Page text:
Chancellor Jeremy Hunt says Britain’s economy is “back”, and that his strategy for growth has been welcomed at the International Monetary Fund meeting in Washington.
His predecessor, Kwasi Kwarteng, left the previous IMF meeting in October early, amid a barrage of criticism.
Mr Hunt said the international lending body saw he was “putting the British economy back on the right track”.
However, the latest figures show the UK economy failed to grow in February.
On Wednesday, the IMF said it expected the UK economy to shrink by 0.3% in 2023, which would make it one of the worst performing of the world’s major economies.
When challenged over whether the UK’s current performance undermined his positive message, Mr Hunt said: “It’s other finance ministers who are telling me Britain is back”.
Britain’s economy has only just recovered to the size it was prior to the pandemic, following months of industrial action, rapidly rising prices and labour shortages.
On Friday nurses in the RCN union rejected the offer of a 5% pay rise and said they planned to strike again at the start of May. Meanwhile, NHS junior doctors in England are currently staging a four-day walkout over pay, ending at 07:00 on Saturday.
The wave of industrial action affecting the UK in recent months has contributed to its lack of growth, the Office of National Statistics said this week.
However, Mr Hunt said it was important to avoid fuelling further inflation through pay rises. He said Britain had avoided recession this year “so far”, and that he hoped to see faster growth and falling inflation in the months ahead.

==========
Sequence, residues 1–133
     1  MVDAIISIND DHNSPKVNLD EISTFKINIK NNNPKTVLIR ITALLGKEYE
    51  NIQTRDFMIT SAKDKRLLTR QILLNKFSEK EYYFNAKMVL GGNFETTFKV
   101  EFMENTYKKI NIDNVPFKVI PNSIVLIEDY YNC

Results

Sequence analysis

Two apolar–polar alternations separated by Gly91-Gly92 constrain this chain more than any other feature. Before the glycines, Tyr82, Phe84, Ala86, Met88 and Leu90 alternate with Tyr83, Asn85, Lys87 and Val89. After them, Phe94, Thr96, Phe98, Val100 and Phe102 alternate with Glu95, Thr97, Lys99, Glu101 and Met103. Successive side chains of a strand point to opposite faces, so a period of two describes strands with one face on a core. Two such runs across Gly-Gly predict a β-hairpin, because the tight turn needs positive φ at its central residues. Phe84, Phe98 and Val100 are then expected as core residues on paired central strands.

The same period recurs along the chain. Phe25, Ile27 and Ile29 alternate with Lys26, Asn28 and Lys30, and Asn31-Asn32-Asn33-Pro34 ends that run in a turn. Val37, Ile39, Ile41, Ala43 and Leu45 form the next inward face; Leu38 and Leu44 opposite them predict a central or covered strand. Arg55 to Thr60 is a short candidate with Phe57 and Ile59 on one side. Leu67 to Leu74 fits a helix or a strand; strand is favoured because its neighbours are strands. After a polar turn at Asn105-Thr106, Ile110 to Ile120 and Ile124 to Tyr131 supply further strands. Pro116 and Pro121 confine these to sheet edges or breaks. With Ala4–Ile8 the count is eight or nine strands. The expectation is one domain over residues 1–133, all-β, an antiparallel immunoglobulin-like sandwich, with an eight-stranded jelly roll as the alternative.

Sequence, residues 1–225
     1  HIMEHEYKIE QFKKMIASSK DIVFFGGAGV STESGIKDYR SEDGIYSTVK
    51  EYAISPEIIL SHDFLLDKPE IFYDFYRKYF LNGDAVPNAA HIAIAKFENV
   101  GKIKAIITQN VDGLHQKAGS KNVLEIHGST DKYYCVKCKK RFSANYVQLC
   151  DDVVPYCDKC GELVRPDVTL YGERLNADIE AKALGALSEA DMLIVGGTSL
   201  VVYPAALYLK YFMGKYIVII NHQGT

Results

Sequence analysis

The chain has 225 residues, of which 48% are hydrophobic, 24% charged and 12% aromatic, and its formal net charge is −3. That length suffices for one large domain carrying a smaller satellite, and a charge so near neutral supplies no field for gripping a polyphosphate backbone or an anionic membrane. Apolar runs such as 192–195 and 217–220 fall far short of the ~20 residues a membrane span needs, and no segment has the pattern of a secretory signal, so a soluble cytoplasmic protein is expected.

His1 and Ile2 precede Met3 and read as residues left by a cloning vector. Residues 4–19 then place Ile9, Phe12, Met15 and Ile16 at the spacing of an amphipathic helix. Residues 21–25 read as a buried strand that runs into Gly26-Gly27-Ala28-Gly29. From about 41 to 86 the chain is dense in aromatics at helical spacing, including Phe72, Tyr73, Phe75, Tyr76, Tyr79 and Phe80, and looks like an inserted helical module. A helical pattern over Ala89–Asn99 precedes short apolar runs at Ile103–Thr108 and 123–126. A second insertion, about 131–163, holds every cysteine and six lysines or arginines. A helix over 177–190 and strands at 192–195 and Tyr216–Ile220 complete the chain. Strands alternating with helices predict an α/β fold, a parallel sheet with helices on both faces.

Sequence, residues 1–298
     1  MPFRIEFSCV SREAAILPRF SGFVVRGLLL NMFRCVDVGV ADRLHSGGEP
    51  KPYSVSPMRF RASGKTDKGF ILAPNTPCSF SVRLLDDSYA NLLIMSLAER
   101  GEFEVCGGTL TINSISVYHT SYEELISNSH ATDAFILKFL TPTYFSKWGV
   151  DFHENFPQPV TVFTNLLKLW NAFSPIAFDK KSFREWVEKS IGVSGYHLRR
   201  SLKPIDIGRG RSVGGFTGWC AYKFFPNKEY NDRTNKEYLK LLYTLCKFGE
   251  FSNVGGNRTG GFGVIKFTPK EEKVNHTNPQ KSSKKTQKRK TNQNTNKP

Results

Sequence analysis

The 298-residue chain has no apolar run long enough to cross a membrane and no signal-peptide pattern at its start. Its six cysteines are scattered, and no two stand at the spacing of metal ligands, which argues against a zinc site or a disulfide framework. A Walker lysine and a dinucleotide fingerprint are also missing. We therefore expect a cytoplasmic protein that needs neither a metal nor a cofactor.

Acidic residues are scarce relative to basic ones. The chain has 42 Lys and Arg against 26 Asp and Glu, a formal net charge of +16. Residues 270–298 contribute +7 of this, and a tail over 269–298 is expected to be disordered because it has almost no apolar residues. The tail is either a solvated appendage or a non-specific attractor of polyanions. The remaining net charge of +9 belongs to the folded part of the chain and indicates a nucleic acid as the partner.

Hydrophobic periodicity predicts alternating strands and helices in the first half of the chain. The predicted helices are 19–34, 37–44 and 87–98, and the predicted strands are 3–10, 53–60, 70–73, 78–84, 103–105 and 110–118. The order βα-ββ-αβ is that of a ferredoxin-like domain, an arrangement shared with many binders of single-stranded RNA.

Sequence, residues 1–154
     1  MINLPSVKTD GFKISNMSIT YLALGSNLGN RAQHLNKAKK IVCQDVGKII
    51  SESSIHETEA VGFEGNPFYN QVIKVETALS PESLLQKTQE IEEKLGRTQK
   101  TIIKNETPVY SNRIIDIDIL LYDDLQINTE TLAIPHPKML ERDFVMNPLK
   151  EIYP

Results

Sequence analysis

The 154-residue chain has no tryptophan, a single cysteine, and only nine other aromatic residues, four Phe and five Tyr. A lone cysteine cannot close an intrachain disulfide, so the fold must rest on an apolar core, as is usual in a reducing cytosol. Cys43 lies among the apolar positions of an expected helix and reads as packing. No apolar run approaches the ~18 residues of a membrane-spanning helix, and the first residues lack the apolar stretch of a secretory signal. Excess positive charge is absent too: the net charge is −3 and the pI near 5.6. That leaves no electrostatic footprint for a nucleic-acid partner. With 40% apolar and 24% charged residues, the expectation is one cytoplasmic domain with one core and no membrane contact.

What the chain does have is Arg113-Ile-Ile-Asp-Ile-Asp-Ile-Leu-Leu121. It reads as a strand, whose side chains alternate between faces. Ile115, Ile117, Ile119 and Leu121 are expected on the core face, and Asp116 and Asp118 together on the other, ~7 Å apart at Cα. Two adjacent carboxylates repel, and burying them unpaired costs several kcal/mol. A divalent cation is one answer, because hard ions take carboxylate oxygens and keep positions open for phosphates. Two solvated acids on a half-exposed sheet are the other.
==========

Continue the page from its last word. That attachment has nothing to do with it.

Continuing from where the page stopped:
Measures in his March Budget to help businesses recruit more staff and to increase investment, including an increase in childcare funding, should stimulate growth, he added.
Investor confidence in the UK was shaken last year during the short-lived government of prime minister Liz Truss, which saw Mr Kwarteng present an economic strategy that included major tax cuts without an explanation of how they would be funded.
The outlook for the UK, which relies heavily on financial services, could be clouded by current uncertainty in the banking sector, following the collapse of three US banks and UBS’s emergency takeover of Credit Suisse.
However, Mr Hunt said the UK had “a very robust, resilient banking system”, which was now in a much better position than it was before the 2008 financial crisis.
“Am I confident in the resilience of our banking system, the second largest financial services centre in the world?’ Yes, I am,” he said.
While the government is considering reforming some of the rules governing financial services, put in place after 2008, Mr Hunt said the plan was “absolutely not to unlearn the lessons of the financial crisis”.
“We are looking at all of these things, but we’re not going to do it in a way that rows back on any of the very important protections that we have in place,” he said.
But he said the growth of the UK’s tech and life sciences industries meant regulations needed to adapt.
“We have a lot of high growth companies in the UK, and they need to have banking services that suit their needs. And that’s a difference from a decade ago,” he said.
Source : BBC